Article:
Nima residents stage manhunt for Gay perpetrator

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house and personal belongings burnt into ashes
house and personal belongings burnt into ashes

The community in Nima has begun a manhunt for three residents, Faisel Amija, Nana Boateng and Paapa Ibrahim who have been declared wanted for engaging in homosexual related activities in the community.

The residents from the Islamic community physically assaulted the suspects after invading their homes. However, Nana Boateng, who is alleged to be their leader, got his house and personal belongings burnt into ashes. Another suspect, Razak Nuhu is reported to have been beaten to death during the attack.

Reports indicate that the hunt for Nana Boateng has intensified for being the alleged ringleader and is said to be always seen in company of other men with questionable character. His case reportedly worsened when the youth in the community alleged that the late Razak Nuhu mentioned his name before his death for introducing him to homosexual.

The spokesperson of the youth, Baba Musah, said that Nana Boateng and his men were being chased by the community to answer for what he described as ‘atrocious acts’ and for desecrating their land as well as the laws of the country.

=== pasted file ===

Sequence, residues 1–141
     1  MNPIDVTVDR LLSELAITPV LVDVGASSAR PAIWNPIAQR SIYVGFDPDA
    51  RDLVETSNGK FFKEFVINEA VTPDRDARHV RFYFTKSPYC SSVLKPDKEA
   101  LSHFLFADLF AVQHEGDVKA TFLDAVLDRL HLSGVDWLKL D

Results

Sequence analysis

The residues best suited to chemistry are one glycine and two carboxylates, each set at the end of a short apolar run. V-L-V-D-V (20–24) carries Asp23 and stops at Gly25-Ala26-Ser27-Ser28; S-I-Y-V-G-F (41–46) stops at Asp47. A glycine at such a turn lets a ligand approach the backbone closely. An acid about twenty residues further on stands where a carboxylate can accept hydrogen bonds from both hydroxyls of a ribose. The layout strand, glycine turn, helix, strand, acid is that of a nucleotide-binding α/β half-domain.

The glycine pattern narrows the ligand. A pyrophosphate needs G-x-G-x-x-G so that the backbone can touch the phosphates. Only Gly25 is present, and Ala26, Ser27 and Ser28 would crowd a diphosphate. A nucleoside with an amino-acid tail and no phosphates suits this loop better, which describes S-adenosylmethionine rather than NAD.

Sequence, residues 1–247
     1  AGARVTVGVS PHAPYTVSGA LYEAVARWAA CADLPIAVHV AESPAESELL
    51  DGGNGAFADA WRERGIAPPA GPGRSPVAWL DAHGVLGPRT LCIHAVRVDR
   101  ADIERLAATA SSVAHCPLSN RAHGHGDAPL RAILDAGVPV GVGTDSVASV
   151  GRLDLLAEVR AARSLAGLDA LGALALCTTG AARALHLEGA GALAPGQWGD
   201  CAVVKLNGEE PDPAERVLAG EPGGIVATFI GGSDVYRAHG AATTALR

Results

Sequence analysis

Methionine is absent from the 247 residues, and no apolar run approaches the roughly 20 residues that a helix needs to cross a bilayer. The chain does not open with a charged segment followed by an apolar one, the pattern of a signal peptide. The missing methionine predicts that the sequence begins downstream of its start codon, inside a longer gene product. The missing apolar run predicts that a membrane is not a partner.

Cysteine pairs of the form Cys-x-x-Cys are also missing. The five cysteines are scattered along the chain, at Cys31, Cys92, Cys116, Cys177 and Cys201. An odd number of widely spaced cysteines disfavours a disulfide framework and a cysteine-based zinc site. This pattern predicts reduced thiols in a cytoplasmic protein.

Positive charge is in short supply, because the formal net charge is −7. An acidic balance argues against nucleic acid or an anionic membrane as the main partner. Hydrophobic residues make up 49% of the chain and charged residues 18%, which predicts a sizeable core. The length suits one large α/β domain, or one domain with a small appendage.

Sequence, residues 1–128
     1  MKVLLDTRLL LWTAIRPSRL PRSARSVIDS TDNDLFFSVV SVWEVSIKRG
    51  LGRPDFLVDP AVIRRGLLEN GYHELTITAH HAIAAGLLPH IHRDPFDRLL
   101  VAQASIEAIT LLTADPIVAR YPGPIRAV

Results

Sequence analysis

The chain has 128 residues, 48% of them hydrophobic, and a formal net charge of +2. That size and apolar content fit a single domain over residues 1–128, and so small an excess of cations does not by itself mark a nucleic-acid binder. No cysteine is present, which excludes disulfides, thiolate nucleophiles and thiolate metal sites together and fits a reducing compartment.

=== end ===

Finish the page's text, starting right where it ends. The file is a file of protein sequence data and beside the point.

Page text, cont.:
Musah said some elders of the community had been getting complaints over the ‘unholy acts’ of the men and had been investigating the issue over a period of time.

Our source added that Nana Boateng homosexual act blew open on 1st November, 2022 when one of homosexual men, Razak confessed to the crime after being beaten and tortured by angry youths before he died.

It was also gathered that the angry youths searched for Nana Boateng everywhere in the town, and even wrote a threatening note on his door, and also set his residence ablaze when he could not be found. They have also vowed that unless Nana Boateng disappeared from the surface of the earth, he will either be killed.

Same-sex relationships were first criminalized in Ghana in the 19th century under British colonial rule. In 2018, the UK prime minister at the time, Theresa May, apologised for such laws, saying “they were wrong then, and they are wrong now.”

In 1960, homosexual acts were made illegal in Ghana’s first, post-independence criminal code, which replaced colonial-era laws but was still influenced by them. This part of the law, however, was rarely enforced.

In its current form, the Promotion of Proper Human Sexual Rights and Ghanaian Family Values bill, brought forth by eight Members of Parliament in July 2021, proposes to criminalize not only same-sex sexual relationships and marriages but also identifying as LGBTQI+, promoting and funding of LGBTQI+ groups, and public debate or education on sexual orientation and gender identity. In addition, if the bill were to pass by Parliament of Ghana, it would impose medical “assistance” on persons questioning their sexuality, and on intersex children.

International organizations have raised concerns that the Bill could infringe on the rights of LGBTQ+ persons who are a minority group in the country.

In spite of these concerns, Speaker of Parliament, Alban Bagbin has indicated that “the sexual rights and human values Bill that is being handled by the committee will definitely be passed before the next elections. That Bill will go through,” he stressed.

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